It’s been months and months since we’ve blogged. You know the story: Facebook ate my blog!
Well so much has been going lately on our barrio rancho and and we’re going in some new directions. We’re still working on our book Decolonizing Dinner, but now that we’re both back at work, it’s harder to stay connected to the project. So I thought blogging would be one good way to document our adventures and to continue to develop ideas.
Our latest “discovery” is canning. In the past week we’ve canned 12 half-pints of red and gold tomatoes from Luz’s garden. 7 half-pints of apples. Finally, we made escabeche (pickled jalapeños, carrots & onions) from Luz’s bumper crop of carrots.
The tomatoes are what got us started with all of this. Luz’ tomatso plants were overflowing, and although we’d been eating tomato sandwiches, salads, pasta and the like, we weren’t able to keep up with the bounty. Even though Luz was sharing it. Zie was starting to get a bit stressed and so came up with the idea of canning the tomatoes. Last saturday, we came home from a party, stopped by the Ace hardware in the Laurel ten minutes before they closed, and bought a canning pot with rack, a canning kit (with handy tools like jar funnel, jar lifter, digital timer, magnetic thing for getting the lids out of hot water) and a case of half-pint jars. By seven, Luz had harvested all hir tomatoes and Ktrion had read the requisite sections of the canning book, and gone to the store to get the required lemon juice to assure that the tomatoes would be “high acid” and thus could be canned in a pot of boiling water rather than a giant pressure cooker (which we don’t happen to have).
Now, a canning pot is actually the same thing as a tamale pot. In fact if, like you’re like our fabulous friend Josie, your tamale pot may have a flat tray in the bottom with big holes in it. This is perfect for canning. We have several tamale pots but we don’t have a steamer suitable for canning. (We use those collapsible steamers when we’re steaming tamales and they’re not at all appropriate for holding jars. So we bought another pot (yes!) that came with a canning rack. Alas, we were so crunched for time (since the store was closing) that we didn’t notice until much later that the rack is really appropriate for quart jars. We had gotten half-pint jars which were small enough to fit through the spaces in the rack. What this means is that we have to insert the jars one by one using the jar holders and then when the processing time is up, remove them one by one the same way. It’s not a huge deal, but it’s slow and hot and steamy.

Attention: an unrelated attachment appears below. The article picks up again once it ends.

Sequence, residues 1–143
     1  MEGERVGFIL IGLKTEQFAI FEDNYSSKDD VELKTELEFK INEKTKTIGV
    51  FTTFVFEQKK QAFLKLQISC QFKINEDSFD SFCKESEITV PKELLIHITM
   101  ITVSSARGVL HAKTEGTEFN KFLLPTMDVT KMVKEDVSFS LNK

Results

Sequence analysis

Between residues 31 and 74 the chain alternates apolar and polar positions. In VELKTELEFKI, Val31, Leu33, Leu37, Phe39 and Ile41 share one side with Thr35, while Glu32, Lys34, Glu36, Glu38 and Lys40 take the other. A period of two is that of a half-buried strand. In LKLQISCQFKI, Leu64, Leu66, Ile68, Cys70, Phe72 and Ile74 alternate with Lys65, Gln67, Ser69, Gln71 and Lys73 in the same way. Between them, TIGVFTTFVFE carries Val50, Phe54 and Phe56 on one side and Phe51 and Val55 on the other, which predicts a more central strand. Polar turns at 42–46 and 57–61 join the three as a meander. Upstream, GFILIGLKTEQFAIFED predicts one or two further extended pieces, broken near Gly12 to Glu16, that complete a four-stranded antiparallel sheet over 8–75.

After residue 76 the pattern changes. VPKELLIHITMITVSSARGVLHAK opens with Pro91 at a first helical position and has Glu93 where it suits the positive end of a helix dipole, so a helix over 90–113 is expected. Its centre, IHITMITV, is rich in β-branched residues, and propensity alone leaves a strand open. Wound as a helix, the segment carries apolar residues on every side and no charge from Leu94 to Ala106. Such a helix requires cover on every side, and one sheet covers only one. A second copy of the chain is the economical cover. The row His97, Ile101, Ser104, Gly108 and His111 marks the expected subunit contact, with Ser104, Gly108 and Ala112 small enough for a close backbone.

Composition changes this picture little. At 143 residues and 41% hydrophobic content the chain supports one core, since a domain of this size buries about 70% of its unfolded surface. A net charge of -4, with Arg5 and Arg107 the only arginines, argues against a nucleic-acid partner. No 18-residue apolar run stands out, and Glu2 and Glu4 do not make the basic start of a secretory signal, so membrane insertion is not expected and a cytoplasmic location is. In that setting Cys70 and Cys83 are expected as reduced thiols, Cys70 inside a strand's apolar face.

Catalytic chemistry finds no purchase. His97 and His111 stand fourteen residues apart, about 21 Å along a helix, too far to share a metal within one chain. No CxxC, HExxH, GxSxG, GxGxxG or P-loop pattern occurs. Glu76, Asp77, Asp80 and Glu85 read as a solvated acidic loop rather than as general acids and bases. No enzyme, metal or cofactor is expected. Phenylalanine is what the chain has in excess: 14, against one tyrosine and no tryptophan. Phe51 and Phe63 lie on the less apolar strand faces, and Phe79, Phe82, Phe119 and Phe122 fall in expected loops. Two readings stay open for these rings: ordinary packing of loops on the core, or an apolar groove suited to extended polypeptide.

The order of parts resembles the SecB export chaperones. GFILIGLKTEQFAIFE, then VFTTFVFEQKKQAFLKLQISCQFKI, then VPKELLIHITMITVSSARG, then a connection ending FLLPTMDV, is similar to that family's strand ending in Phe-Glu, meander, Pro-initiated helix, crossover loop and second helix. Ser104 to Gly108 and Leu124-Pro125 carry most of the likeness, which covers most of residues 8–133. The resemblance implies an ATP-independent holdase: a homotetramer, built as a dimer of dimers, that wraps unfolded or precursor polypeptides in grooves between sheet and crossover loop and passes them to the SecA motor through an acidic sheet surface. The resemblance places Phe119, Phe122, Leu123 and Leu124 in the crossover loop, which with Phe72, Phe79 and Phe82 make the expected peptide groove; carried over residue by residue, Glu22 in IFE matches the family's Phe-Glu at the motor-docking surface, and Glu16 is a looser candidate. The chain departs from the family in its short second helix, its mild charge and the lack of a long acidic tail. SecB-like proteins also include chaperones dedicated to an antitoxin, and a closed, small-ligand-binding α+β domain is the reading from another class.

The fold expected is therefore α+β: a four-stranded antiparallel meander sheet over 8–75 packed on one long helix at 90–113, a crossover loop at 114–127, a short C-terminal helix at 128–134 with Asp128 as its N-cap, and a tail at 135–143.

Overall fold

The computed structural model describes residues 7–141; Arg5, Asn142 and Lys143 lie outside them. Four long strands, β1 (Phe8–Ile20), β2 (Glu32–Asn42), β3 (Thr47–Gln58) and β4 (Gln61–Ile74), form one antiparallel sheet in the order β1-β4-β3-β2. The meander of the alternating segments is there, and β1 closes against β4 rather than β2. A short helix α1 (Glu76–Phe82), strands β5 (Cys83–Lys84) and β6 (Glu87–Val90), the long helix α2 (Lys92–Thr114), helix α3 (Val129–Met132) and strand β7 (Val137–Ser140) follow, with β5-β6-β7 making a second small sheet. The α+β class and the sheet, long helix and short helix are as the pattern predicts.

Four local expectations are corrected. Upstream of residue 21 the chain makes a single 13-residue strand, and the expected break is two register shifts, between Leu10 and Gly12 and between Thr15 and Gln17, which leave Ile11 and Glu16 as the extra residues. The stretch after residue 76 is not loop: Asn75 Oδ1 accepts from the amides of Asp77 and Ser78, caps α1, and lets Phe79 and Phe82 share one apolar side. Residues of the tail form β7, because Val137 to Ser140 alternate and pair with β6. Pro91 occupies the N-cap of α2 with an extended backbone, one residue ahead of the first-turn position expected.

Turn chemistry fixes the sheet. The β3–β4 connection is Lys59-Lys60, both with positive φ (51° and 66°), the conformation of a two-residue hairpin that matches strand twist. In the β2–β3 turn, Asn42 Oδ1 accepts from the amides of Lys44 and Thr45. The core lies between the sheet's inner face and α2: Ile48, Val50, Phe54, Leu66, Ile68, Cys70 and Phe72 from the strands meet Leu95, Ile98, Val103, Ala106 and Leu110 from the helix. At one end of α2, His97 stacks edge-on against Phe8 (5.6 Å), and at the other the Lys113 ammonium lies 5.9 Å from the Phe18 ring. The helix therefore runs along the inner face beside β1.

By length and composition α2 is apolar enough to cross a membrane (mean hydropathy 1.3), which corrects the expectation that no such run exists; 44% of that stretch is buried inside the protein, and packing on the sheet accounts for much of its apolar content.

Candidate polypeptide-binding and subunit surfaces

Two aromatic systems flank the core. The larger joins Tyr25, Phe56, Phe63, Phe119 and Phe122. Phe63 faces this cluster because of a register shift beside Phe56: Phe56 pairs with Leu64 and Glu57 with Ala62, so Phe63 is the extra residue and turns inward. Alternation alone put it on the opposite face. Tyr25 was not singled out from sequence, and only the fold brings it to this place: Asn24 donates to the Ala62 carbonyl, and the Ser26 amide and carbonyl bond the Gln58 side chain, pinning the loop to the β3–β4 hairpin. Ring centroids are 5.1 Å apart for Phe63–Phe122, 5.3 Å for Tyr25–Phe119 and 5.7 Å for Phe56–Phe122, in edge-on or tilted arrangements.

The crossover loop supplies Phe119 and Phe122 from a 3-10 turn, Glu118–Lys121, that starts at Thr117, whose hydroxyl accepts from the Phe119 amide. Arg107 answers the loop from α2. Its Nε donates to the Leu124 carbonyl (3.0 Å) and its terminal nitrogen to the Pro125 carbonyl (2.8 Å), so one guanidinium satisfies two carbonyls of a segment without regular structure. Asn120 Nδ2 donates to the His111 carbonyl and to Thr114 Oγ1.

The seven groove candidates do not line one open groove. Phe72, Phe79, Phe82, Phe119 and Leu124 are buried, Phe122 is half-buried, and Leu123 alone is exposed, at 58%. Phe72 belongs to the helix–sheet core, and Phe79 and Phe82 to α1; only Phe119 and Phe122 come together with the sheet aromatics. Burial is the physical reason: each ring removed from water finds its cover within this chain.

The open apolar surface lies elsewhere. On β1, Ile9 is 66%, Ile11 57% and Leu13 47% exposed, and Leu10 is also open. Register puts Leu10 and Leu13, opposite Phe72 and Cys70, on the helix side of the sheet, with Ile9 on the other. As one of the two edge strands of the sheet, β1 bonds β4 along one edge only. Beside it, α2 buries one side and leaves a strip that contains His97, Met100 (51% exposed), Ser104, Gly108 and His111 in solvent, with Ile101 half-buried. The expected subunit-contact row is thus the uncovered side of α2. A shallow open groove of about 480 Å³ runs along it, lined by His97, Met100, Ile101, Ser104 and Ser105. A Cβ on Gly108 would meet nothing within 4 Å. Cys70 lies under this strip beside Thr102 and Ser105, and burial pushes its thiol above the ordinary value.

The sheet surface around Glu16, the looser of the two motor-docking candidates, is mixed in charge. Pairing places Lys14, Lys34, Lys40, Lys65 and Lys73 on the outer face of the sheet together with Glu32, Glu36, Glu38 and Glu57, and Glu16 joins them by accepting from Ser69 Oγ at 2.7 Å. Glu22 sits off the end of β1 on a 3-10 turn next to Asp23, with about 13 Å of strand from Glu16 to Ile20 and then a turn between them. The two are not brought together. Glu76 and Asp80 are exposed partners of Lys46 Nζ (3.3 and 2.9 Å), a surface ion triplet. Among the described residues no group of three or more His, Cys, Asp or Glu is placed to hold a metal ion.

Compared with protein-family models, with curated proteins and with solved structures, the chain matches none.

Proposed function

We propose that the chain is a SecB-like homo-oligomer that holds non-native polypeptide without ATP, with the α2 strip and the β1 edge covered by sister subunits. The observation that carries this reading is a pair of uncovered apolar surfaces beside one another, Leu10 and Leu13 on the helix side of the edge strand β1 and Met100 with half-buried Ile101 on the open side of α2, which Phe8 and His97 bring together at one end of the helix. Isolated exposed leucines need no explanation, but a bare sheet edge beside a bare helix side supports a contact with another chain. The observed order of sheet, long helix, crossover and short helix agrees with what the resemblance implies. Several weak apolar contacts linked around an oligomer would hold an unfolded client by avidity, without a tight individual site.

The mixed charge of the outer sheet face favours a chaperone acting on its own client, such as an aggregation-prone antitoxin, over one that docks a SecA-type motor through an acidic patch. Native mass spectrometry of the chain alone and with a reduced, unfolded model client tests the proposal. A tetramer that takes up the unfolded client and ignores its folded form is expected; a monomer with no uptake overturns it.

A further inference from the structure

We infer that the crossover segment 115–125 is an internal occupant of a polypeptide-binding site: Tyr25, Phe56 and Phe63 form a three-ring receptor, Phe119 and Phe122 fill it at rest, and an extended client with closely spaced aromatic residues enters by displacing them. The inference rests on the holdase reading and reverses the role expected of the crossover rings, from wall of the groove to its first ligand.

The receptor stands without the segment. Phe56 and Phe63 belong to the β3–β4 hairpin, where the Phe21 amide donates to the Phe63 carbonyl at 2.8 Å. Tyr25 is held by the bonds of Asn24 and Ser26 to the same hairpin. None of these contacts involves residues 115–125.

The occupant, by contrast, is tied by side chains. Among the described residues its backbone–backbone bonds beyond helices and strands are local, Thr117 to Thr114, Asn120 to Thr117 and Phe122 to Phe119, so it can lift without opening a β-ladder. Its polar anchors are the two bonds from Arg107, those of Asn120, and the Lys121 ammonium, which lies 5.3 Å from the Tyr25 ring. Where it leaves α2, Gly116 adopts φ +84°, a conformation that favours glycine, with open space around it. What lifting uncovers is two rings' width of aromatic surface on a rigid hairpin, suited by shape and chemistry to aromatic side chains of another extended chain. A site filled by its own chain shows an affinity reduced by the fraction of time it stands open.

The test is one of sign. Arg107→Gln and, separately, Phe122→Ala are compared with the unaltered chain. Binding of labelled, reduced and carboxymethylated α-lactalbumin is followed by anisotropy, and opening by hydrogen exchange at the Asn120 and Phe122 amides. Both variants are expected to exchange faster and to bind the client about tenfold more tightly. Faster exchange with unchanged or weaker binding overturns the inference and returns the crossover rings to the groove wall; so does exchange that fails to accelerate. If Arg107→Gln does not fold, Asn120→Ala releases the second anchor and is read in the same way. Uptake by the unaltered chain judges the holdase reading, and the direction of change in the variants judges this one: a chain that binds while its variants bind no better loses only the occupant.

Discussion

Now Luz and have have very different skill sets. Luz is the alchemist, the creative artist, who tastes, improvises, adjusts, throws in a little something from the herb spiral, guesstimates. Zie sees a recipe as a point of departure. I am the chemistry student, who is careful about measurements, cooking times, temperatures, exactitude, following directions as written and in the order prescribed. Which means I was put in charge of canning, since--at least starting out--you need to do things a certain way to avoid botulism and other unpleasant surprises.
Our first canning book--Putting Things By--seemed pretty conservative. In particular, for canning stewed tomatoes, it said not to add herbs or vegetables, unless using a giant pressure cooker. Which we don’t have. This was a big cramp in the style of the tomato-cooking alchemist, who had envisioned basil, garlic, and other delights flavoring the canned tomatoes.
The only lemon juice at our favorite store came in an container shaped like a plastic lemon.
Okay, we adapt. Now, from what my book says, the practiced farmwife can get the veggies from the vine to jar in 2 hours flat. We started at seven p.m. and finished around 1:30 a.m., so there’s obviously lots of room for improvement, but on the other hand, we have a dozen half-pint jars of light orange tomatoes (There were prob’ly more golden tomatoes than red ones in the harvest) gleaming like little jewels on our dining room table.
The next morning Hadas and Margo (and their pit-bull of a thousand names, among them “Rosie” and “Marble Cake”) dropped by to bestow freshly baked honey cakes on our household. Luz ran to give them a jar of canned tomatoes. Like us, they want to try them right away--which kind of defeats the whole purpose of canning, which is to save them till they’re out of season. On the other hand, the whole purpose of canning is that the fruits & vegetables get eaten instead of being thrown away, in which case you should feel free to dig right in.
(Pictures to follow as soon as Luz gets home from yoga and uploads them)